The law of divine providence in human relationships

Viktor Frankl wrote that to be human is to be conscious and to be responsible, and to be conscious that we are responsible.

There are things we know without being conscious of this knowledge. For example, we might claim to believe in divine providence and that everything that happens in life is for a reason but until we walk with and breathe this knowledge we’re not conscious of it.

Imagine really and truly knowing that absolutely everything that happens to you is life-sent (i.e. G-d-sent) as a personal message designed to help you move out of your stuck places, heal you and make you more complete.

Wouldn’t this make every moment of every day amazingly meaningful and exhilarating ? You wouldn’t waste time complaining. Instead you would use all of your gifts ā€“ the ones that feel good and the ones that don’t feel so good ā€“ to the maximum and be an instrument for positive change.

Since everything is included in this law its application to human relationships is evident as well. When his enemy Shimi ben Gera was cursing kind David, the response of David was: “Let him curse!” Without freeing Shimi from responsibility, he saw the incident as a heaven-sent personal message.

Therefore imagine now that you view all your relationships with people in this way. In any given encounter I am here to help this person or he is here to help me develop materially, emotionally or spiritually. We have gifts we’re meant to give one another.

As I was busy with these thoughts the verse I chose to focus on today in my prayer-preparation was Psalms 16:8 I put G-d’s presence before me always for He is at my right hand; I will not falter
The word shiviti (G-d ‘s presence) has in it the word shavei (equal), implying a face-to-face encounter, a meeting between equals.

Can we truly encounter G-d as equals?

We can, because G-d “lowers Himself” so to speak to be with us and we also elevate ourselves to be with G-d. What does this mean?

We can use the example of lowering and elevating in human-to-human relationships to explain this lowering and elevating in the human-divine relationship. Two people start out as unequal and one person either lowers himself or raises the other in order to speak to eye to eye, as equals.

Let’s say I am above the other. The truth is: Who do I think I am that I am above someone else and I have to “lower” myself for this person! Yet we do sometimes feel this way. People sometimes display behaviors that are rude or distasteful to us. They embarrass us, aggravate us or demonstrate inferior character traits. This makes us feel superior, and as soon as the relationship becomes unequal communication gets blocked. It is no longer face-to-face.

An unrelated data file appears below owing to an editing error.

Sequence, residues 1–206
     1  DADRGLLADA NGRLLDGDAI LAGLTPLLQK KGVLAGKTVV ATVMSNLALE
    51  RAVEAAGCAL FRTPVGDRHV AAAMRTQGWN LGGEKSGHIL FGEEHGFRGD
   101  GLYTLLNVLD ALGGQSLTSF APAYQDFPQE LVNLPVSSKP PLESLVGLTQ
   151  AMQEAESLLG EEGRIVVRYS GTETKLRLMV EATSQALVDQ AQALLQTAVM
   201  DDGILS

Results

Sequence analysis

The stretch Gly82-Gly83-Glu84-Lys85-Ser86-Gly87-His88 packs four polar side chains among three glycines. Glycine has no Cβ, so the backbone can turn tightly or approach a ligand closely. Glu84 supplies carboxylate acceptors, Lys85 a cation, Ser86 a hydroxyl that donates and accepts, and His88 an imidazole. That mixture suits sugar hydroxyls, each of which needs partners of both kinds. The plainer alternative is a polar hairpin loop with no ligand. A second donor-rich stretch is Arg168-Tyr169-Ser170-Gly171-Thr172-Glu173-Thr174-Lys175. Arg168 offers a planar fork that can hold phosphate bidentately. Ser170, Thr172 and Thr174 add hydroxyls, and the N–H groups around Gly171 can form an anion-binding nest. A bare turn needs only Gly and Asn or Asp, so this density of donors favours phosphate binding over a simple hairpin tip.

But if I stop and think beyond “I don’t like this person’s behavior” and ask: Why were we two put together? What am I meant to learn from this person and what is he or she meant to learn from me? Inappropriate behavior is always a sign that they themselves are suffering. How can I ease their suffering? How can I assert what I believe without losing my compassion? How can I express my needs and boundaries while maintaining respect for theirs?

The end of the verse reflects the corrective experience made possible by these two directions of lowering or elevating. G-d lowers himself to be with you when you are feeling lowly, awestruck in the face of the divine encounter. In this situation G-d is with you at your right side to support you from falling.

Alternatively the end of the verse reflects an elevating. G-d lifts us up by helping us in our “rightness” or uprightness, that is, when we are emulating Him by rising to our true noos, or human qualities of compassion, standing for values and so forth.

This is similar to the experience of being in the company of a superb listener. At such times I have experienced an “elevation” in which I can feel myself assimilating the other person’s good listening skills. I can think of one particular friend who never rushes to answer my comment with her own thoughts but first squeezes out my thoughts to make sure I have fully and completely expressed all I had to say, before she responds with her thoughts. When I’m around her I tend much more to do the same for her.

Once you realize life didn’t happen by accident you realize that every moment you’re given something. G-d is not some guy in the sky making crazy demands. G-d is the source of life and is in all of reality. Everything is infused with spirituality.

Everything is a gift to be grateful for and every encounter between two people is a gift to be grateful for.

Knowing this reminds me to stop and ask: What is the gift of this encounter? Why was it given especially to me? How can I elevate myself to be in this face-to-face encounter in which I can use the gift of this relationship for the purpose of which it was sent to me?

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